“The Parking Garage”:
The gang gets trapped in an underground parking garage when none of them can remember where Kramer parked his car. Highlights: Elaine wanders helplessly holding a goldfish in a plastic bag of water waiting for it to perish. George and Jerry get arrested for urinating in public.

 

“The Chinese Restaurant”:
The penultimate episode of the second season which takes place entirely in a Chinese restaurant while the gang waits to be seated. It remains a fan and critical favorite of Seinfeld’sgroundbreaking approach to comedic storytelling — an episode about “nothing”.

 

“The Bubble Boy”:
The gang travels upstate to stay in Susan’s father’s cabin. Susan and George stop at the Bubble Boy’s house to get directions and play a game of trivial pursuit. Moops!

 

“The Opera”:
The most memorable “Crazy Joe Davola” episode. Elaine and Jerry are trying to enjoy a night out at the opera when Joe turns up dressed as the clown from Pagliacci.

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“The Contest”

 

“The Contest”:
The gang bet each other to see who can hold out the longest from self-pleasuring themselves (the word masturbation is never used in the episode considered too “adult” for prime time television). Part of the fun is all the euphemisms used to avoid saying the actual word, and what eventually makes each character crack.

 

“The Puffy Shirt”:
Jerry unknowingly agrees to wear a puffy “pirate shirt” on the Today Show. George gets discovered as a hand model.

 

“The Marine Biologist”:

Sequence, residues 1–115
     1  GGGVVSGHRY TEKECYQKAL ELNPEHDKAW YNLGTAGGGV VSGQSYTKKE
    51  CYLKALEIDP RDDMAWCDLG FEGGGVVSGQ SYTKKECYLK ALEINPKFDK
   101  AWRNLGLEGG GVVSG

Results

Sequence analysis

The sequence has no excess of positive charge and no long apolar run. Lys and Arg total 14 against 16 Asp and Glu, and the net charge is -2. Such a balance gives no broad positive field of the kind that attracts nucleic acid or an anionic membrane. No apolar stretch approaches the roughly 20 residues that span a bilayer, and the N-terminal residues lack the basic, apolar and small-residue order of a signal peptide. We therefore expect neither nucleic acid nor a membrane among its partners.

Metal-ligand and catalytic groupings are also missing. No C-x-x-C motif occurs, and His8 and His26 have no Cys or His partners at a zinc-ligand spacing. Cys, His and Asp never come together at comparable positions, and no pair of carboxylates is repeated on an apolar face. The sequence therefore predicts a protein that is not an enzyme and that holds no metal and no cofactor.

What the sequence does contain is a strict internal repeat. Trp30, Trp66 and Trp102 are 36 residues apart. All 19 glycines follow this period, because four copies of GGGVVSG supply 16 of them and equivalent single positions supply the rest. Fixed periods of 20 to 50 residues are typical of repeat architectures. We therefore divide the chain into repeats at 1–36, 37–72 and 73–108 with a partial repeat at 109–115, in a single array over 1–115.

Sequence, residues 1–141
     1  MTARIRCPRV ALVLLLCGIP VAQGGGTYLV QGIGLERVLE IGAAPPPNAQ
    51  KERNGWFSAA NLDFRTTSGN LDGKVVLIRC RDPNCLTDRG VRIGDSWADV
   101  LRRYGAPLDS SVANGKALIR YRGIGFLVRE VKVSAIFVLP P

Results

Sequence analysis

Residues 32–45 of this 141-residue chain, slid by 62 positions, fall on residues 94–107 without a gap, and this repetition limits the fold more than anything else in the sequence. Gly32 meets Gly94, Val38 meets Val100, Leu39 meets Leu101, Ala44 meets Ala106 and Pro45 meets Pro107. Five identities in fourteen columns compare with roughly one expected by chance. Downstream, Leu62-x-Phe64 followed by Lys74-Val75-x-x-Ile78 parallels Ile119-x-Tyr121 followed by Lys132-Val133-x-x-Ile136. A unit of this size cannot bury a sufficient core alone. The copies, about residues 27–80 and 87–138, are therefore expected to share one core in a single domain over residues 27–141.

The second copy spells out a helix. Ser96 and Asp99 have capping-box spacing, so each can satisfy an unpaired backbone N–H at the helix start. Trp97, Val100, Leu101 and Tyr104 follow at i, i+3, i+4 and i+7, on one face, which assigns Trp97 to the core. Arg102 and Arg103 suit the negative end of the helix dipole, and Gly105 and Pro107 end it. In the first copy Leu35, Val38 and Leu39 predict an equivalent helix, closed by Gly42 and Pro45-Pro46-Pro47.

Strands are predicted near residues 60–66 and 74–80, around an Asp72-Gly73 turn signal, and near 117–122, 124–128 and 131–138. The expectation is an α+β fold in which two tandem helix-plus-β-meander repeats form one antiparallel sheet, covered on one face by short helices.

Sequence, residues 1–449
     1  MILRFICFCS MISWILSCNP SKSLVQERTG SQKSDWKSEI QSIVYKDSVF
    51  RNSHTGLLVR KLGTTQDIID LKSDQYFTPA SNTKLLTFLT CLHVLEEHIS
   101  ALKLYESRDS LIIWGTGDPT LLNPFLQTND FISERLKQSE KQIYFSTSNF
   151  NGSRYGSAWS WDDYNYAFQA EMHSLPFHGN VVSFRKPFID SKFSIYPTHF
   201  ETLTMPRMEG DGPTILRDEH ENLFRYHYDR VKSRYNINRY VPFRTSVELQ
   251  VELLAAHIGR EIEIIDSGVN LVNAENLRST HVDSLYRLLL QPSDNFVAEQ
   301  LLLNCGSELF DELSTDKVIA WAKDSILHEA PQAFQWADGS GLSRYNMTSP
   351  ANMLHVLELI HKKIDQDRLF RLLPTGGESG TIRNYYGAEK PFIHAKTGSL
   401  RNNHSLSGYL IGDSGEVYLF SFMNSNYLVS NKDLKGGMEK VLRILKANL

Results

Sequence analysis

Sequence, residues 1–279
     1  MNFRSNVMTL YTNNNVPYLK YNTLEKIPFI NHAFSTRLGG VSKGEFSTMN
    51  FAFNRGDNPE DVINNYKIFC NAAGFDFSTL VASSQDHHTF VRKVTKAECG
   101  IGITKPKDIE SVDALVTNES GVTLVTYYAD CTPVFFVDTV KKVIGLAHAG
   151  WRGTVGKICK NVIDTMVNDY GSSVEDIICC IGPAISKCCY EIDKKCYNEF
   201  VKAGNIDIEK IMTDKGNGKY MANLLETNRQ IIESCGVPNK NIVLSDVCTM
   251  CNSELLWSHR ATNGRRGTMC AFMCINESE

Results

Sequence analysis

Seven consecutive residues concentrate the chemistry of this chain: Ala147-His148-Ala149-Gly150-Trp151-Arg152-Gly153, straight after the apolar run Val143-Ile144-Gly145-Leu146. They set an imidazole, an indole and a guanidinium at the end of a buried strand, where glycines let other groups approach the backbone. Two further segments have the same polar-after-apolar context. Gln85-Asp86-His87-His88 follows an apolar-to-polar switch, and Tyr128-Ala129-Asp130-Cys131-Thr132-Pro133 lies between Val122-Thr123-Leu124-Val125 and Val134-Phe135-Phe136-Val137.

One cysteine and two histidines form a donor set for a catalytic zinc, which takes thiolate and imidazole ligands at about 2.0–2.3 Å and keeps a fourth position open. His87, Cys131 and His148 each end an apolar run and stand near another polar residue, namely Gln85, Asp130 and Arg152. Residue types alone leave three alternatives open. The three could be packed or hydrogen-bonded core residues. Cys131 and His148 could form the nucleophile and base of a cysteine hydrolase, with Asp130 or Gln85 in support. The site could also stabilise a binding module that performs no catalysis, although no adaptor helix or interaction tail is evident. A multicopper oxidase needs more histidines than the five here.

After faking and lying about various jobs and careers, George is finally called out and forced to become a marine biologist when confronted by a beached whale in distress. “The sea was angry that day my friends.”

 

“The Fusilli Jerry”:
Kramer starts making figures of his favorite people out of pasta shapes that best suit their personality. Jerry is “silly” so his is made from Fusilli. Highlights: “the move” (David Puddy, my favorite recurring character, starts using Jerry’s sex move on Elaine; Kramer becomes “the Assman”; and Frank Costanza ends up at the proctologist’s office after impaling himself on the Fusilli Jerry. This is also the episode where we get Frank’s move of “stopping short”.

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David Puddy “The Face Painter”

 

“The Face Painter”:
I love David Puddy and this (along with the “Jesus Fish” subplot from “The Burning” episode, is his best stuff.

 

“The Soup Nazi”:
It’s the Soup Nazi! No soup for you!”

 

“The Little Kicks”:
Two words: Elaine dances. Also, Jerry becomes a bootlegger and we meet Brody.

 

“The Merv Griffin Show”:
Kramer finds the set of the Merv Griffin Show in a dumpster and sets it up in his apartment. Highlights: Jerry is dating a woman with collectible toys from his childhood (that she won’t let him play with); George runs over a squirrel and is pressured by the woman he’s dating to save its life, which the vet informs him will be costly and require the use of “special, really tiny instruments.”

 

“The Slicer”:
Kramer gets a deli slicer and starts slicing meat. Elaine and Kramer conspire to short circuit the power in her neighbor’s apartment only to find out there’s a cat trapped inside starving because its food dispenser no longer works. And that’s just the tip of the iceberg — there’s so much hilarity stuffed into this episode that often gets overlooked.